My posts on that account—generally no more than five each week, and sometimes none at all because I didn’t post anything unless I thought it would be of interest or use to those in my slowly growing LinkedIn network—were always very focused. I would share links to articles and other resources my colleagues and prospective clients might not otherwise see. I posted brief (Twitter-length) updates documenting the efforts I was making with colleagues on a board of directors engaged in what was ultimately a successful effort to help a struggling chapter of what was then ASTD (the American Society for Training and Development) and later became ATD (the Association for Talent Development) survive and once again begin to thrive. I occasionally posted summaries of what I was learning and doing as a volunteer in the marketing department of the Asian Art Museum here in San Francisco. There were also posts leading to articles and other resources I was devouring while completing work on my Master of Library and Information Science (MLIS) degree through an online program at the University of North Texas.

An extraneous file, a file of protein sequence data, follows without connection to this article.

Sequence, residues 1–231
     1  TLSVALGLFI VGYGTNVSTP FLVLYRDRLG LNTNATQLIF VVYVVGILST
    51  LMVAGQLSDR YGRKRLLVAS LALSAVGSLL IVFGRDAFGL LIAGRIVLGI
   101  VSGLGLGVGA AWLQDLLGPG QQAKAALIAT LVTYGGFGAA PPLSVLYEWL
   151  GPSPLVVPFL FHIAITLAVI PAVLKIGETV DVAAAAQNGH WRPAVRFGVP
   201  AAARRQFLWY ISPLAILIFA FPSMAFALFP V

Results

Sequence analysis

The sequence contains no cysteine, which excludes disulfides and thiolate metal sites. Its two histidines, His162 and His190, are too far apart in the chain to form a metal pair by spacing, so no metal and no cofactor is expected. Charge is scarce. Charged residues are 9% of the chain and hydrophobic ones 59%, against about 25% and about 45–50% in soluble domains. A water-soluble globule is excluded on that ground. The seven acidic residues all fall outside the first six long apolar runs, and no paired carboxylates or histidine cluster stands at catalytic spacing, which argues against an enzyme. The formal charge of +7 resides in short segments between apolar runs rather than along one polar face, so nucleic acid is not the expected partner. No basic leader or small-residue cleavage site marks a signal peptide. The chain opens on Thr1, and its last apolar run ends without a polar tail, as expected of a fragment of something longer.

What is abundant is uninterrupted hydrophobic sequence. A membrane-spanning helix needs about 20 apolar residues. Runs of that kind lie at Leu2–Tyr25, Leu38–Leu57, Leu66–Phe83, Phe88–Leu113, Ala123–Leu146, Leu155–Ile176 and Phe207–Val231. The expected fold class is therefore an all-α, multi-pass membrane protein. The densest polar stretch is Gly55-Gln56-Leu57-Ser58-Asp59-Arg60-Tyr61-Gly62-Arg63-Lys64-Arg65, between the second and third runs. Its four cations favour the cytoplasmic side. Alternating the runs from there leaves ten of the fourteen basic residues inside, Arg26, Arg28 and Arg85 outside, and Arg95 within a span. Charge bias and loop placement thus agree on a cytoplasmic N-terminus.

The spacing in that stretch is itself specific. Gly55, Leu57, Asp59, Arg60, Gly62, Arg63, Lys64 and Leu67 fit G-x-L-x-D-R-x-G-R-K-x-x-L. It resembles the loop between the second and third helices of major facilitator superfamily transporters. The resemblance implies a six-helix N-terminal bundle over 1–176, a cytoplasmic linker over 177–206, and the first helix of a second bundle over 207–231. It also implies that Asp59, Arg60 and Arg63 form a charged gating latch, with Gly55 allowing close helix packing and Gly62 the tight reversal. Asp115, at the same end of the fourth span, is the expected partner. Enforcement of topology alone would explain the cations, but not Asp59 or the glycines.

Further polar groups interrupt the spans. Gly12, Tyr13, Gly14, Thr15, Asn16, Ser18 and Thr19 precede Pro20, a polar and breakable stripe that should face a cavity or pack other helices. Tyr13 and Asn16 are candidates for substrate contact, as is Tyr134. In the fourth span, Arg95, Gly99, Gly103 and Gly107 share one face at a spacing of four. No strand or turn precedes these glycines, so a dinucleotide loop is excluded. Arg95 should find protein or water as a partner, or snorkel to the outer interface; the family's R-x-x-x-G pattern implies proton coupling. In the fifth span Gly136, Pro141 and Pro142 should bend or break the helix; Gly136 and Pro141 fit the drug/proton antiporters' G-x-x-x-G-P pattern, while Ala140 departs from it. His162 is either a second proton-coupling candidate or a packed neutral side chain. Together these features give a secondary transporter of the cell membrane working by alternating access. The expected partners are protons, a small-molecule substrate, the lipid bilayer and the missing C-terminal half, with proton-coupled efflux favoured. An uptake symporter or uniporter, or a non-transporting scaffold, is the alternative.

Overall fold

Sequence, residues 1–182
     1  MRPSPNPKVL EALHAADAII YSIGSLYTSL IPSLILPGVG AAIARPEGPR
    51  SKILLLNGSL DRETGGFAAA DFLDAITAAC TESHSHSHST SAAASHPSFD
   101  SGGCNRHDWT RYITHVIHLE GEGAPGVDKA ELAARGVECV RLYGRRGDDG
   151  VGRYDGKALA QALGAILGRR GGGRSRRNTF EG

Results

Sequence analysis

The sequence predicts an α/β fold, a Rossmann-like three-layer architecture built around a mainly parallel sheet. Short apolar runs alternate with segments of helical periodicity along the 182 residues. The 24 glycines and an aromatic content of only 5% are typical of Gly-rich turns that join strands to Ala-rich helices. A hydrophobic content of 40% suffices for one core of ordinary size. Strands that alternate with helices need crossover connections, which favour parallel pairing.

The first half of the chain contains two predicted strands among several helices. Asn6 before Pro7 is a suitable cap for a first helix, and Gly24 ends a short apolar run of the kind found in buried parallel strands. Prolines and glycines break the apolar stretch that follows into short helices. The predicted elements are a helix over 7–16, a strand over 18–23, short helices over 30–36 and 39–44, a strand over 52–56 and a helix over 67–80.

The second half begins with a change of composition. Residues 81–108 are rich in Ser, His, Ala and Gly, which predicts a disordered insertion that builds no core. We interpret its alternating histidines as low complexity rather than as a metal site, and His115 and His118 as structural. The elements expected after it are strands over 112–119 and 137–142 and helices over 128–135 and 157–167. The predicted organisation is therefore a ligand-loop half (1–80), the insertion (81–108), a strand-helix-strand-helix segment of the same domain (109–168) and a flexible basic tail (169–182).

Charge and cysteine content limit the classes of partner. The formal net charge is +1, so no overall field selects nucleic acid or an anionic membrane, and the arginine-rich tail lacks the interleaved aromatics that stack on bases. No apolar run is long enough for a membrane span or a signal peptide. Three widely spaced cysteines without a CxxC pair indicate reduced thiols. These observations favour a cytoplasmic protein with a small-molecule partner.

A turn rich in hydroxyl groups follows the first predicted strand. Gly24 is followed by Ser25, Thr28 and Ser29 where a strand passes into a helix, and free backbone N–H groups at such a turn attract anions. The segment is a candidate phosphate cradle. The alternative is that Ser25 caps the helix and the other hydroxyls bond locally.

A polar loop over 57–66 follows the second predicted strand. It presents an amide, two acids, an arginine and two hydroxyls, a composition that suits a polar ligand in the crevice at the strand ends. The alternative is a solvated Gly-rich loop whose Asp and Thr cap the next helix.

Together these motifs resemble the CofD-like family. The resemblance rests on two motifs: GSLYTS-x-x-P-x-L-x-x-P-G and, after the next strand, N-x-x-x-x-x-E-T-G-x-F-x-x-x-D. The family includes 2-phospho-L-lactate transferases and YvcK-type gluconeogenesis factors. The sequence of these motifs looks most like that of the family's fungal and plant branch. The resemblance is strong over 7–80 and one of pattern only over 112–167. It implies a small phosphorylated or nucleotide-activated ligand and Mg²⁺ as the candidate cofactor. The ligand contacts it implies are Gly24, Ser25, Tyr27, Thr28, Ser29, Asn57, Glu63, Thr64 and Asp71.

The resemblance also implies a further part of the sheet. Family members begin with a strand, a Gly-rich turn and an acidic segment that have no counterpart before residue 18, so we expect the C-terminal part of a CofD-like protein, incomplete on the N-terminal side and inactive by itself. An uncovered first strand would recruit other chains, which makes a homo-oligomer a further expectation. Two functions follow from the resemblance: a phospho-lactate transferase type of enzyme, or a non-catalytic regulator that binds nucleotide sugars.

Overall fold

About halfway through 2009—a period of time when my income had dwindled to a trickle and prospects for new contract work were non-existent—I started hearing comments from friends and colleagues who, with the words “You seem to be everywhere these days,” made me realize I still very much had a presence in my business communities even though I wasn’t seeing much in the way of cash flow or new contract work. Curious about the disparity between the reality of my situation and the comments I was hearing, I started asking people to define what “being everywhere” meant to them. The unanticipated answer, of course, was that those LinkedIn posts about the volunteer work I was doing to support major local community groups and the consistent sharing of resources my friends and business colleagues valued left them with the (incorrect) impression that I was weathering the recession well.